Ivy Tech seeks funds for upgrades

An appropriation request that would provide $16.9 million to renovate the Ivy Tech Community College campus in Columbus will be considered by the Indiana General Assembly.

The proposal isn’t as ambitious as one submitted in 2013, however, when Ivy Tech sought $25 million to expand and renovate the state-run campus at 4475 Central Ave on the north side of Columbus.

At that time, the school was seeking to add 70,000 square feet to the 100,000 square feet of space already on campus, but funding for the Columbus project was not approved by lawmakers during the 2013 budget session.

The current proposal does not call for additional square footage nor the creation of new vocational programs, said Randy Proffitt, executive director of marketing and recruitment at Ivy Tech Community College Columbus/Southeast.

Instead, the focus will be on expanding current courses to enable the campus to continue effectively serving as a workforce-alignment engine, Ivy Tech Interim Chancellor Katie Mote said.

“Ivy Tech partners with regional employers to ensure that the workforce is well trained and prepared to meet their needs,” Mote said.

Plans call for improving the functional operation of the existing building to add instructional space, Ivy Tech Columbus Campus President Steven Combs said.

The project in Columbus is ranked third on the statewide college’s priority list of capital project requests, ranking just behind improvements proposed at Ivy Tech campuses in Kokomo and Muncie, Mote said.

Ivy Tech Columbus currently consists of two buildings at the Columbus Municipal Airpark complex: Poling Hall and the Agricultural Science and Industrial Technology Center.

The 80,400-square-foot Poling Hall is used for classes in nursing, dental assisting and visual communications, for example. It also houses the campus bookstore, Express Enrollment Center, and faculty and staff offices.

If approved during the 2017 General Assembly budget session, the $16.9 million project would allow all of Poling Hall to be renovated, including replacing the 35-year-old building’s original roof and mechanical systems, according to the college.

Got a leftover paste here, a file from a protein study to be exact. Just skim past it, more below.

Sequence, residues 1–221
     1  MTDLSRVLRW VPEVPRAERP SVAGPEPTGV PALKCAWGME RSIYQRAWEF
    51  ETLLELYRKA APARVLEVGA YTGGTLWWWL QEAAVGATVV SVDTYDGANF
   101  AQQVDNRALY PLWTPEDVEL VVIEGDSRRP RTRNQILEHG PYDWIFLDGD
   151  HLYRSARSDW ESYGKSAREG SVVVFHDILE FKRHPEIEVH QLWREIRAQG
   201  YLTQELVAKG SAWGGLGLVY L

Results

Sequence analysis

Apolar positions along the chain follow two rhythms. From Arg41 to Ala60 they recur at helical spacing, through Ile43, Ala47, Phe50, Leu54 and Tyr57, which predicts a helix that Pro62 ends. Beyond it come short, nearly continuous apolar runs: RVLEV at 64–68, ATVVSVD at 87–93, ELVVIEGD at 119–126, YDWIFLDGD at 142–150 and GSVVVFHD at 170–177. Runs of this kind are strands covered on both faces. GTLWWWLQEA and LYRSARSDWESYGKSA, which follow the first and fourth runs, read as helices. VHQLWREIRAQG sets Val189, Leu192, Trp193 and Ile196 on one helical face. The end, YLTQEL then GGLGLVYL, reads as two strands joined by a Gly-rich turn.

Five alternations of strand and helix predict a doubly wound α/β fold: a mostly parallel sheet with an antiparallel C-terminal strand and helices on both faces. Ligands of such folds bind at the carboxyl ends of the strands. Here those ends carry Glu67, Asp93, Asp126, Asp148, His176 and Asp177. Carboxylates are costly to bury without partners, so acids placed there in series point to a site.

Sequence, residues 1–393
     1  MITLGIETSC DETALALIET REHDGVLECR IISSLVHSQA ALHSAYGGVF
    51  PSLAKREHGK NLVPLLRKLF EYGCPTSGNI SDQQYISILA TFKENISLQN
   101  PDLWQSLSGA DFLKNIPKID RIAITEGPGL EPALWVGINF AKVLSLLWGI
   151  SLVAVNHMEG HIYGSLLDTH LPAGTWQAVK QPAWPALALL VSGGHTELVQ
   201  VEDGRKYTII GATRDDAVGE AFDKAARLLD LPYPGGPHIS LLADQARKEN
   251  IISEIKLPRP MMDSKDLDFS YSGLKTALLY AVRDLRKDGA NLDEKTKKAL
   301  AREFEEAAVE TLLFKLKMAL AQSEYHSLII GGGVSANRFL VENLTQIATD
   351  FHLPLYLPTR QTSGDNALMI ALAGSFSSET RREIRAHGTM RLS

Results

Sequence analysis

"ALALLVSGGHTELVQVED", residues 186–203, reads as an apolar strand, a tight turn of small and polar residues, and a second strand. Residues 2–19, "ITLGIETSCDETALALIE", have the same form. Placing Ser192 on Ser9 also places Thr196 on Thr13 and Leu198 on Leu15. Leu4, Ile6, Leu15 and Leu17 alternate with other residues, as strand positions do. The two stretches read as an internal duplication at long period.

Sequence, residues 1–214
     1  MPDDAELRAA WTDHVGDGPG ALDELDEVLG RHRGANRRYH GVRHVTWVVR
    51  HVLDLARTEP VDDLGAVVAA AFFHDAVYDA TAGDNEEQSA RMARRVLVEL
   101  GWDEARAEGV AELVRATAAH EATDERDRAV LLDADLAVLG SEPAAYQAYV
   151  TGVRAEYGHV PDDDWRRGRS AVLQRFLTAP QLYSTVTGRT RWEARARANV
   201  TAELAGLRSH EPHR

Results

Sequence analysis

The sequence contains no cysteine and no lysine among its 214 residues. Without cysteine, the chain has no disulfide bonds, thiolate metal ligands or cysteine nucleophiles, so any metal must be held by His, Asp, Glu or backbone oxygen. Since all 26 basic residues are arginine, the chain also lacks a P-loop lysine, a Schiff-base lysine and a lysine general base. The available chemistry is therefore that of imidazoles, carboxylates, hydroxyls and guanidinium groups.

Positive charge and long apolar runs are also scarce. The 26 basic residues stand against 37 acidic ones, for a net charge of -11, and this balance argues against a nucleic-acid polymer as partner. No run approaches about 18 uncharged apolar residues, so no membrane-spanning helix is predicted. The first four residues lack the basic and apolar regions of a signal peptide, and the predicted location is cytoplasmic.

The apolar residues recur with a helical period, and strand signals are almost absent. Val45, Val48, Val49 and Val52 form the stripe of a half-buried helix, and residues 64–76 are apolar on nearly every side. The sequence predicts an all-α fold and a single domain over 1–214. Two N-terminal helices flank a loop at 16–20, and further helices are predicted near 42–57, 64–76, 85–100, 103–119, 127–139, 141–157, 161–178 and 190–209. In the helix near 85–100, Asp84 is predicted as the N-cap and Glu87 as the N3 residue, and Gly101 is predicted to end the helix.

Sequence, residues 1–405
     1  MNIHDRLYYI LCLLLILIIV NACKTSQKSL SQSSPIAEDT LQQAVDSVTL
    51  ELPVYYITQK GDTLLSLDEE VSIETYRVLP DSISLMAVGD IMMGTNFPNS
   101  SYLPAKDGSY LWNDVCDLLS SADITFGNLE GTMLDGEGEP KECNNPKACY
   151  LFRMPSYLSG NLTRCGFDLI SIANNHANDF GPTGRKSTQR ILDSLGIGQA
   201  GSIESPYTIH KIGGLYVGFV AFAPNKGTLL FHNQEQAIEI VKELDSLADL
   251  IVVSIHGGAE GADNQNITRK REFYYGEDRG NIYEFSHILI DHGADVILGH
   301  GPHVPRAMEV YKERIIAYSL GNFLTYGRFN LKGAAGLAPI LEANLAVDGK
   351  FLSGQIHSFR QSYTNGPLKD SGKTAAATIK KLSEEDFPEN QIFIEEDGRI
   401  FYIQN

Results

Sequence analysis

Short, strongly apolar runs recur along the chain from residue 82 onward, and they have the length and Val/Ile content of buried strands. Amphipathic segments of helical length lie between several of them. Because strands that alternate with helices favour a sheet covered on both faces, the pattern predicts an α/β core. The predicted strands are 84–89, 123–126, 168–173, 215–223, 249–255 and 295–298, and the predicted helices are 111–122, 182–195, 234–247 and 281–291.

Ivy Tech also shares facilities adjacent to Poling Hall at the Columbus Learning Center and the Advanced Manufacturing Center of Excellence, also located on the Airpark campus.

The college uses classrooms and the lecture facilities at the Learning Center, along with the Workforce Certification Center, library and some administrative offices.

The proposed renovations also would bring Poling Hall up to new standards adopted by Ivy Tech, as well as Americans with Disabilities Act regulations, the college said.

One of the main reasons Ivy Tech sought to expand its Columbus facility in 2013 was because it was spending about $226,000 annually to lease four buildings at the time. But none of those leases remain in effect today, due to either acquisition or consolidation, Combs said.

Ivy Tech has the largest number of students among the three largest colleges in Columbus, including IUPUC and Purdue Polytechnic. Ivy Tech Columbus fall enrollment was up 1.5 percent over the prior year, growing from 2,915 students in 2015 to 2,960 in 2016.

In a post-recession economy, “people are looking to reclassify, get new jobs, get new skills to go back to work,” Combs said in September.

Former Indiana Lt. Gov. Sue Ellspermann, who became president of the statewide Ivy Tech Community College system in May, has already presented the initial capital project request to the Indiana Senate, said Sen. Greg Walker, R-Columbus.

Several lawmakers have responded positively to the proposal, Walker said.

While the state senator cited strong leadership from Ellspermann as one key reason for such support, Walker said other concerns expressed by lawmakers in prior years have been addressed.

Factors now working in favor of the proposal, as outlined by Walker, include:

A recent upturn in the student population at the Columbus campus after three consecutive years of declining enrollment.

A recognized need among state lawmakers to maintain the core facilities as a necessary and popular campus.

Recent administrative changes by Ivy Tech designed to address the needs of students wanting degrees and those only seeking a vocational certification.

While ranked third in importance by the college, the proposal regarding the Columbus campus is still considered a high priority.

“I think they have a much better chance of obtaining funding than they have in the past,” Walker said. “I will absolutely support it.”

The proposal will eventually move from the Senate to the Indiana House of Representatives.

State Rep. Milo Smith, R-Columbus, said he agrees with Walker in labeling the project as a high priority.

Especially with an emphasis on maintenance rather than expansion, Smith said the proposal “has a great chance to be funded.”

Ivy Tech snapshot

Ivy Tech Community College — Columbus (part of Ivy Tech Community College Southeast)

  • Where: 4475 Central Ave., Columbus
  • Phone: 812-372-9925
  • Degrees offered: Certifications, associate of science, applied science, general studies, fine arts degrees
Author photo
Mark Webber is a reporter for The Republic. He can be reached at mwebber@therepublic.com or 812-379-5636.